Three years earlier, at middleweight level, the pair had been involved in a brutal battle for the WBO belt at Birmingham's National Exhibition Centre. After surviving a crippling uppercut in the fourth round, Eubank went on to win by a ninth round knockout.

The rematch did not equal the original encounter's ferocity. Promoter Don King had famously written into the contract that both the winner and loser would join his stable of fighters, so naturally the bout ended a draw, 115-113 Eubank, 115-113 Benn and 114-114 - King did not envisage such a result and hadn't put it in the contract, so neither fighter ended up joining him.

Despite not living up to the hype, the final round of that Manchester night has long been considered a classic - and a fitting end to a true rivalry.

Mike Tyson v Lou Savarese - Hampden Park, 2003

Mike Tyson lays into Lou Savarese - and the referee - at Hampden Park © PA Photos

A farce of a fight which ended on a sour note in Scotland. Tyson, three fights into his latest comeback, simply went ballistic as soon as the first bell sounded. He knocked Savarese to the canvas in 15 seconds with virtually his first meaningful shot, but his opponent recovered.

Savarese should probably have stayed down, for Tyson continued to barrage him like a man possessed and landed near enough every punch he threw. Referee John Coyle intervened, only for Tyson to shove him to the floor as well. Tyson's corner stepped in, Coyle raised his hand to leave the Scottish crowd booing after witnessing only 38 seconds of action.

The post-fight interview was just as infamous, with Tyson - who has since admitted in his autobiography that he was high on marijuana and cocaine for the fight - virtually incoherent. "Lennox Lewis, I'm coming for you man," he ranted. "My style is impetuous. My defense is impregnable, and I'm just ferocious. I want your heart. I want to eat his children. Praise be to Allah!"

Joe Calzaghe v Mikkel Kessler - Millennium Stadium, 2007

Joe Calzaghe juked his way to a victory over Mikkel Kessler in Cardiff © PA Photos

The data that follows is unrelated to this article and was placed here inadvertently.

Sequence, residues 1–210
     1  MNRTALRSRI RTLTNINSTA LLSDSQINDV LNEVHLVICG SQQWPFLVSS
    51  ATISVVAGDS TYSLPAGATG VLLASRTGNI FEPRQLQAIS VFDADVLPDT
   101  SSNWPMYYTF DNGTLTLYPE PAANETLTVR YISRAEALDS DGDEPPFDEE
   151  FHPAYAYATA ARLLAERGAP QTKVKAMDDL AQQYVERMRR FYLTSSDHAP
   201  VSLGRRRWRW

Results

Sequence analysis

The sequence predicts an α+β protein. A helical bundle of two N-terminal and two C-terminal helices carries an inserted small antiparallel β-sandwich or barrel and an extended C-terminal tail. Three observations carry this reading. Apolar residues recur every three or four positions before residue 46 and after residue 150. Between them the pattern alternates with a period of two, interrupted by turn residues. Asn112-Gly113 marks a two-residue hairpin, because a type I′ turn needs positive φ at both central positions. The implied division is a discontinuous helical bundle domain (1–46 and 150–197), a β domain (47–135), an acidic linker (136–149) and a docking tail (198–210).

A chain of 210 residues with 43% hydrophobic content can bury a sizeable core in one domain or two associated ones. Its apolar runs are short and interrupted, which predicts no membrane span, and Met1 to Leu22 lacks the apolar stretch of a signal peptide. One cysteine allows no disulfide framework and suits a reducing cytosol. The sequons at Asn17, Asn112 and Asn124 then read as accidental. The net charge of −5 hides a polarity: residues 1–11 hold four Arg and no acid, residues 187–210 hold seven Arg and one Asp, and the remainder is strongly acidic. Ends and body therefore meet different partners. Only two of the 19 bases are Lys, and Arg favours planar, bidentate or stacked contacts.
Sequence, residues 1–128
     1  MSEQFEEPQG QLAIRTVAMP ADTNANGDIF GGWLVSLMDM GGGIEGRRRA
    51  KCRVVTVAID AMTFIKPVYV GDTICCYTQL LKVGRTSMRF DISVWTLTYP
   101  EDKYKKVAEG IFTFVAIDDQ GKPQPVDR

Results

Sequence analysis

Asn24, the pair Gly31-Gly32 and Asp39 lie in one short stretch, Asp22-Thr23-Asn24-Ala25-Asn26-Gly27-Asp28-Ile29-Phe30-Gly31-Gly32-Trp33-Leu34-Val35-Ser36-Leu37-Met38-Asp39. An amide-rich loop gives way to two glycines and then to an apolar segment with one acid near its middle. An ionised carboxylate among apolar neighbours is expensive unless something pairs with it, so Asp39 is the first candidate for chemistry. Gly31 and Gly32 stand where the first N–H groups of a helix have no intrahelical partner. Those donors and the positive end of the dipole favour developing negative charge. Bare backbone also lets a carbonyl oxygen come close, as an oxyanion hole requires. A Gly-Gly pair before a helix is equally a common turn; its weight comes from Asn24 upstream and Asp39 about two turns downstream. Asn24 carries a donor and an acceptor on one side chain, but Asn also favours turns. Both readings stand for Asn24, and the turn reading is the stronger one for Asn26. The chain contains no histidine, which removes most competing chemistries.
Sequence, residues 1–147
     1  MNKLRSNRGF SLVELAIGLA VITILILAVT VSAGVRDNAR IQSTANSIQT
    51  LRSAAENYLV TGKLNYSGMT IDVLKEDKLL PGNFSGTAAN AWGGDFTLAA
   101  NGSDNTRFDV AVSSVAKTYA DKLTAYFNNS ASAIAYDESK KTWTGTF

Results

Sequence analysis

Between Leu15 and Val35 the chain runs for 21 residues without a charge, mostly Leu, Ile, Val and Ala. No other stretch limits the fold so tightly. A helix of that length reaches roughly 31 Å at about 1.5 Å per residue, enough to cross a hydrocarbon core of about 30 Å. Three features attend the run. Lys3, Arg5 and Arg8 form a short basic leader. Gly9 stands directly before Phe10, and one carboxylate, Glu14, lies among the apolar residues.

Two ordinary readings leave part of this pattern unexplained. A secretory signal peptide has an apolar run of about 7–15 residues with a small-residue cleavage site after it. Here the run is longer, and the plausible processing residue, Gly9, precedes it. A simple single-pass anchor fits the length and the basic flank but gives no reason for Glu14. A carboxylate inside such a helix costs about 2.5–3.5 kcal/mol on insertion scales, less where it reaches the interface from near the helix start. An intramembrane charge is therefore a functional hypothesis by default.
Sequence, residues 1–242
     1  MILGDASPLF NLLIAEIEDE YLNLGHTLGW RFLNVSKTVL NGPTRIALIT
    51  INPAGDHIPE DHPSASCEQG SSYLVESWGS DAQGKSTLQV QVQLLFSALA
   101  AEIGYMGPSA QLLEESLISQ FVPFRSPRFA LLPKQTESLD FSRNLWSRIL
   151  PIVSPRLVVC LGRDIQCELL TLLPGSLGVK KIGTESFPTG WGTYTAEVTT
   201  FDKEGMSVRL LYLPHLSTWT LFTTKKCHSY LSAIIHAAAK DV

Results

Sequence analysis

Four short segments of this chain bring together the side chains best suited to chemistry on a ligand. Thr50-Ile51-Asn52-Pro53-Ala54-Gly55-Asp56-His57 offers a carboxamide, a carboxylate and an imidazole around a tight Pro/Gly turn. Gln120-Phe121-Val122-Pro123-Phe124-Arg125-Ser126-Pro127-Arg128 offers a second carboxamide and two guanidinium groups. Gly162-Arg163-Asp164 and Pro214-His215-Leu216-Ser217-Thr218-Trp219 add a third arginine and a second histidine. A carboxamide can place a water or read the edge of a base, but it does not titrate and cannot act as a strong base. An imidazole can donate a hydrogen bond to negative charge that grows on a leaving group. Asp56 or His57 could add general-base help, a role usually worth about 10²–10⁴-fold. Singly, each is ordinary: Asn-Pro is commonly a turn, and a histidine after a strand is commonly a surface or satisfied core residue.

Over 50,000 people were in attendance to watch Joe Calzaghe unify the super-middleweight division with an enthralling unanimous decision win over Mikkel Kessler. Both fighters were previously unbeaten and entered the ring as world No.1 and world No.2 respectively, while the fight was Calzaghe's 21st defence of the WBO belt.

Kessler gave everything he had in order to keep hold of his WBC and WBA titles, but Calzaghe - buoyed on by a thunderous home crowd -stood firm to ensure his dominance as the world's best super-middleweight.

Ricky Hatton v Juan Lazcano - City of Manchester Stadium, 2008

Ricky Hatton salutes the crowd after narrowly defeating Juan Lazcano © PA Photos

Ricky Hatton's 'Homecoming' fight following his first-ever defeat as a professional, to Floyd Mayweather Jr.

Despite this fight not carrying the enormity or the hype of Benn-Eubank II, Manchester still turned out in its droves to welcome back their beloved son. 55,000 fans - a post-war record attendance for a British fight - welcomed Hatton into the ring to a rousing rendition of 'High Ho Ricky Hatton' and his original crowd pleaser, Blue Moon.

But they were not treated to a classic Hatton performance - far from it - in the defence of his IBO title. Hatton was rocked in the eighth, and again in the tenth, as Lazcano showed spirit which was not meant to have been included in the script. Somehow, Hatton held on and even gave MC Michael Buffer a hug as he announced him the unanimous victor.

Wladimir Klitschko v David Haye - Imtech Arena, 2011

David Haye could barely land a finger on Wladimir Klitschko in Hamburg © Getty Images

Not David Haye's finest moment in a boxing ring. In drab, wet, chilly conditions which reflected his performance, Haye struggled to make any noticeable impact against an all-dominant Wladimir Klitschko.

Home to Hamburger SV, Haye was simply devoured by Klitschko in a procession a world away from the fight's official poster tag of 'The War'. It was meant to be the unification of several world heavyweight titles, but Haye finished by throwing anything and everything without much consideration.

Klitschko won, as expected, by unanimous decision and Haye was left to lick his wounds. The Brit went on to blame his substandard showing partly on a broken toe he had suffered weeks before the fight. In October 2011, three months after losing to Klitschko, Haye announced his retirement - but he would be back before long.

David Haye v Dereck Chisora - Upton Park, 2012

Despite the heavy rain, David Haye knocked out Dereck Chisora at West Ham's Upton Park stadium © Getty Images

A year after losing to Klitschko, Haye returned to the ring for a second consecutive stadium fight. In front of 30,000 spectators he took on British rival Dereck Chisora in a grudge fight dubbed 'Licence to Thrill'.

The bout occurred in bizarre circumstances; Haye and Chisora came to blows in the aftermath of the latter's WBC world heavyweight title loss to Vitali Klitschko. Tempers flared at the post-fight press conference which resulted in a brawl between the two Brits. Despite issuing a statement of apology, Chisora had his British boxing licence revoked and the pair's animosity reached fever pitch.

Despite many objecting to it, the fight went ahead under licensing from the Luxembourg Boxing Federation and Haye finally got his revenge. Chisora worried him with a fierce left hook at the end of the third, but Haye recovered to end the slugfest in the fifth round by knockout. The pair hugged at the end and admitted a new-found respect for each other in their press-conference; quite the opposite to Benn and Eubank.